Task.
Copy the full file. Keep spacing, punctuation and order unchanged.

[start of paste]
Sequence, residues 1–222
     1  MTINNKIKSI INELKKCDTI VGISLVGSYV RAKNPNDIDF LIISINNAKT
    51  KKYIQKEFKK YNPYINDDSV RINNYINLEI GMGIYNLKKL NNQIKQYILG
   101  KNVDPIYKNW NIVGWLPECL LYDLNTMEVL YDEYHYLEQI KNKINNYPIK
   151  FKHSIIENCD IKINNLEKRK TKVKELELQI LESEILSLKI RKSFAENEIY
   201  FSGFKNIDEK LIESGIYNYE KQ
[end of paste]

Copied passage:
Sequence, residues 1–222
     1  MTINNKIKSI INELKKCDTI VGISLVGSYV RAKNPNDIDF LIISINNAKT
    51  KKYIQKEFKK YNPYINDDSV RINNYINLEI GMGIYNLKKL NNQIKQYILG
   101  KNVDPIYKNW NIVGWLPECL LYDLNTMEVL YDEYHYLEQI KNKINNYPIK
   151  FKHSIIENCD IKINNLEKRK TKVKELELQI LESEILSLKI RKSFAENEIY
   201  FSGFKNIDEK LIESGIYNYE KQ